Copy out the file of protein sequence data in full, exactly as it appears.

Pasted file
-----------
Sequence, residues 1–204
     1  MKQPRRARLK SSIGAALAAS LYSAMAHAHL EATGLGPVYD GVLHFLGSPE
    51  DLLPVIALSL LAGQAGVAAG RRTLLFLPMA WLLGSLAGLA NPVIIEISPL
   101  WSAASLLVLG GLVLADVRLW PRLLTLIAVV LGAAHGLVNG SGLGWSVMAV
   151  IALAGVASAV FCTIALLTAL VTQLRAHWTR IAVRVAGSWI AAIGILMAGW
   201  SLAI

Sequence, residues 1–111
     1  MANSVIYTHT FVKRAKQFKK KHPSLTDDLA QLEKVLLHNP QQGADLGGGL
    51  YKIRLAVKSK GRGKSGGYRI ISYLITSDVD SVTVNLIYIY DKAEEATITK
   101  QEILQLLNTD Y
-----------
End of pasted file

Sequence, residues 1–204
     1  MKQPRRARLK SSIGAALAAS LYSAMAHAHL EATGLGPVYD GVLHFLGSPE
    51  DLLPVIALSL LAGQAGVAAG RRTLLFLPMA WLLGSLAGLA NPVIIEISPL
   101  WSAASLLVLG GLVLADVRLW PRLLTLIAVV LGAAHGLVNG SGLGWSVMAV
   151  IALAGVASAV FCTIALLTAL VTQLRAHWTR IAVRVAGSWI AAIGILMAGW
   201  SLAI

Sequence, residues 1–111
     1  MANSVIYTHT FVKRAKQFKK KHPSLTDDLA QLEKVLLHNP QQGADLGGGL
    51  YKIRLAVKSK GRGKSGGYRI ISYLITSDVD SVTVNLIYIY DKAEEATITK
   101  QEILQLLNTD Y